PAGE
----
This well-known South African plant probably needs little introduction as it is cultivated in many countries across the world. I was surprised to learn that it is the floral emblem of the city of Los Angeles.
In our climate it is hardy and easy to grow, tolerating dry conditions but also coping well when the rains are good. It is nectar rich and attracts many birds. Its seeds are also popular with birds and monkeys.
It has leaves rather like those of banana plants and grows in a clumping formation to a height of up to about 1.5 metres, depending on growing conditions
Here in South Africa it is commonly referred to simply as a Strelizia. Its full botanical name is Strelizia reginae. It is also known as the Bird-of-Paradise and as the Crane Flower.
In the photo above the birdlike shape of the Strelizia reginae , with “bill” and crown of petals can be seen clearly
Here is an actual Grey Crowned Crane, the crane that inspired the name “Crane Flower” by which the Strelizia reginae is often known. I took this photo in the Karkloof area of the KwaZulu-Natal Midlands
This backlit picture shows off the vibrant colours of the Strelizia reginae
The dramatic lines of the flower of the Strelizia reginae make it popular as a cut-flower
Possibly less well known is the Strelizia nicolai, a much larger cousin, which grows to a towering height of up to 10 metres. Its palm-like appearance brings a tropical wildness to the garden. In keeping with its size its flowers are much larger than those of the Strelizia reginae, but being cream and blue they are not as colourful.
The large flowers of the Strelizia nicolai
Known also as the Coastal Strelizia or the Natal Wild Banana (although it is not related to the true banana family) the Strelizia nicolai can withstand strong, salt-laden coastal winds, but it is not frosty hardy. The nicolai part of its name is named for Czar Nicolai 1 of Russia (1796-1855). The species was described in 1858 from the plant in the Czar’s collection. The family name, Strelitziaceae, is in honour of Queen Charlotte, wife of the English King George 111 (1738-1820), as she was from the house of Mecklenburg-Streliz.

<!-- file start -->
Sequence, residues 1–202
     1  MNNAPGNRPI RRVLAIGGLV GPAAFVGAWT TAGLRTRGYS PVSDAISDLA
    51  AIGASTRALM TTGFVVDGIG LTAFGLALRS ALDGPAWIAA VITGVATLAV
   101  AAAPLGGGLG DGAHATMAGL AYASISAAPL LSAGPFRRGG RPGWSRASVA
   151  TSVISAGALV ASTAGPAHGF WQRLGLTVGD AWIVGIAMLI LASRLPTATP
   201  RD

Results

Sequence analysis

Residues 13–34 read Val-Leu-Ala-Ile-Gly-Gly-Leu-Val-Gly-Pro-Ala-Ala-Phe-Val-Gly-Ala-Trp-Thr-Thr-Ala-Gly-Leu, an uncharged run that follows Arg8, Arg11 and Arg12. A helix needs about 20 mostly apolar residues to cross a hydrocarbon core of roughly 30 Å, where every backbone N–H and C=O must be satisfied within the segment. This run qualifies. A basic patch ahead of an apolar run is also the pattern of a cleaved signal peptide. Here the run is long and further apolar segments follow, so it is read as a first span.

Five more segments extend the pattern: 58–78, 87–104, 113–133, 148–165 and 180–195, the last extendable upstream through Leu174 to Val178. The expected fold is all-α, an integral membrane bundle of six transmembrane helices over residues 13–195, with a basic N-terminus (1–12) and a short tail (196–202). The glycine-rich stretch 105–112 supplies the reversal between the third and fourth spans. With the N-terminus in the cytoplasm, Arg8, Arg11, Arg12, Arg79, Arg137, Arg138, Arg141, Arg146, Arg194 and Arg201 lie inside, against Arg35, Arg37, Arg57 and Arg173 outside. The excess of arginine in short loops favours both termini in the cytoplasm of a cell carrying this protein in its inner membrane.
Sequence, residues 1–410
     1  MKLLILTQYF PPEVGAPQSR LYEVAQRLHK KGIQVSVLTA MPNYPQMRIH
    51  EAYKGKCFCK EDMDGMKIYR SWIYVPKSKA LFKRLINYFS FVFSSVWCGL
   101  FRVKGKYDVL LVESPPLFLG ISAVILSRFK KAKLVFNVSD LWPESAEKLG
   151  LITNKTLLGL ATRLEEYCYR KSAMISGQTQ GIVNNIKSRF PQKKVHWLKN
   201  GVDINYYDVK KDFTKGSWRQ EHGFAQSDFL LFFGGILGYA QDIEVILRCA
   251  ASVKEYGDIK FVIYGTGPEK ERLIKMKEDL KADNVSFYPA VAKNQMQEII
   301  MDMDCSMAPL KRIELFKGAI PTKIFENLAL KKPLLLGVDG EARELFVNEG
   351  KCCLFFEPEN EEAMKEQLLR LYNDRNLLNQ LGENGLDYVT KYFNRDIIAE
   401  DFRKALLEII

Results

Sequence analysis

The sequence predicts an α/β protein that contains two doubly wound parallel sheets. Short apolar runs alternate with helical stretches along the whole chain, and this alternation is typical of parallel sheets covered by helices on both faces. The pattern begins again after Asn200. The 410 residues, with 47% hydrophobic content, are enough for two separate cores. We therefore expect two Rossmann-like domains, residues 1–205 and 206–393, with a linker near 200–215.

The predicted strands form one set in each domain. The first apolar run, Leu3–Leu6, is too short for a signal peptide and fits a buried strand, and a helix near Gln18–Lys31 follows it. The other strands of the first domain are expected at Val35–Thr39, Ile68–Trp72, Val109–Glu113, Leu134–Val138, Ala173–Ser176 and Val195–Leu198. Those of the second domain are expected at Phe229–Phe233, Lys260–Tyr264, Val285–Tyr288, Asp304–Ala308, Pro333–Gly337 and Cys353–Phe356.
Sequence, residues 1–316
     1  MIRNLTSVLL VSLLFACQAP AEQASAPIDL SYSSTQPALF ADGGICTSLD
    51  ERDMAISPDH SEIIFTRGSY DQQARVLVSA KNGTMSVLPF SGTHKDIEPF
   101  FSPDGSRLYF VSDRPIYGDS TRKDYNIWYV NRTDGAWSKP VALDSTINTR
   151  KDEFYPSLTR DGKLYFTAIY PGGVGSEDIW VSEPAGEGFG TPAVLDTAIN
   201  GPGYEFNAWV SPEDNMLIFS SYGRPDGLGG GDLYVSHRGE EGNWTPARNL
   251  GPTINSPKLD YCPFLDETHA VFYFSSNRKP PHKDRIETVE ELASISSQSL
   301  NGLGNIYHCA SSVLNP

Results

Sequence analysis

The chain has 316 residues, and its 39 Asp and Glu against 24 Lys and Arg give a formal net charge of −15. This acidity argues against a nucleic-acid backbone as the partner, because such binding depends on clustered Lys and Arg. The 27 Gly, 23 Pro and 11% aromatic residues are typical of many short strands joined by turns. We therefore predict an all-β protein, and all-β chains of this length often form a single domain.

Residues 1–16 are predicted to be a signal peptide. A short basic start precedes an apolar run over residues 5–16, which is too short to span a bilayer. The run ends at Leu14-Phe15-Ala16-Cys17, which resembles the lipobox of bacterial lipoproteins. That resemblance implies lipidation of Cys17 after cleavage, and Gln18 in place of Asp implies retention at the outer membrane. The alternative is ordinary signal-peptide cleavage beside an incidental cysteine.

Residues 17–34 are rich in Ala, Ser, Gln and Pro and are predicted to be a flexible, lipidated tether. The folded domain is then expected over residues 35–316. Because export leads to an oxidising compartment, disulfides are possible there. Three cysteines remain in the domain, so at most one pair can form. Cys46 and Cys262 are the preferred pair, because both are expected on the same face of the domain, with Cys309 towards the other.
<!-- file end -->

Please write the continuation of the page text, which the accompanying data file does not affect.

Just as its smaller relative, the Strelizia nicolai has rich nectar that attracts many birds. Its seeds, which are contained in woody capsules, are eaten by birds and monkeys. I once met a man collecting from a fallen branch, sprays of the star-shaped seed capsules as his family used them as Christmas decorations – he told me that they dried them and then painted them silver.
A Vervet Monkey in our garden, perching rather precariously as he extracts seeds to eat from the woody capsules on a Strelitzia nicolai
The leaves of the Strelitzia nicolai grow in impressive and graceful fan formations
Sources: Boon, Richard. 2010 (2nd ed.). Pooley’s Trees of Eastern South Africa. Durban: Flora & Fauna; Elsa Pooley. 1998. A Field Guide to Wild Flowers of KwaZulu-Natal and the Eastern Region. Durban: Natal Flora Publications Trust.
Posted by Carol